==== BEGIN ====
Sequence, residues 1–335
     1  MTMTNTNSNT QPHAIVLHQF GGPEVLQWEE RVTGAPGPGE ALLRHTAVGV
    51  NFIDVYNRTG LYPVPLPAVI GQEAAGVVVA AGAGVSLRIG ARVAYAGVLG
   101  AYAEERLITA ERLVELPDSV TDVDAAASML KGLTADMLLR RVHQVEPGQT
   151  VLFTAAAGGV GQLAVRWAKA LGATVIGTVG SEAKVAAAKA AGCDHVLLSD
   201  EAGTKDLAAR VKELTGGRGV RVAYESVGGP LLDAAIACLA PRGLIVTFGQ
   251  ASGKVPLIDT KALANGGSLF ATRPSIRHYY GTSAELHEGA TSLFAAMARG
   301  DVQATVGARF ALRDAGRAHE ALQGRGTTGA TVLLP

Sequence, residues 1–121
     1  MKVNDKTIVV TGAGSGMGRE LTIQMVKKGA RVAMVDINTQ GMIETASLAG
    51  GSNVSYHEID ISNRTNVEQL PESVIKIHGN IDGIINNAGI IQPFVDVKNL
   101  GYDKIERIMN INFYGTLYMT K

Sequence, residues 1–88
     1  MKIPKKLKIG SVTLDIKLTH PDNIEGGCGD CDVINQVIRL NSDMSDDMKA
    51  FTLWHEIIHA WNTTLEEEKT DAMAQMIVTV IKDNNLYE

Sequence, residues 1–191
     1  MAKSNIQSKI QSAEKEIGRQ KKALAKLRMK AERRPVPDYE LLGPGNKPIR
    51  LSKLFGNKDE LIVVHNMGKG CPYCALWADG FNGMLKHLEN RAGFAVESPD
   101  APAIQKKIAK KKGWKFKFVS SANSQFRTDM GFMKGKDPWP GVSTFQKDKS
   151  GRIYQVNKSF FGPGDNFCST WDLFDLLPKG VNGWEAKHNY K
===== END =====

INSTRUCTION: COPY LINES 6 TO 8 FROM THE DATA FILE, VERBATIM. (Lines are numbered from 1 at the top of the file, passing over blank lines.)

   201  EAGTKDLAAR VKELTGGRGV RVAYESVGGP LLDAAIACLA PRGLIVTFGQ
   251  ASGKVPLIDT KALANGGSLF ATRPSIRHYY GTSAELHEGA TSLFAAMARG
   301  DVQATVGARF ALRDAGRAHE ALQGRGTTGA TVLLP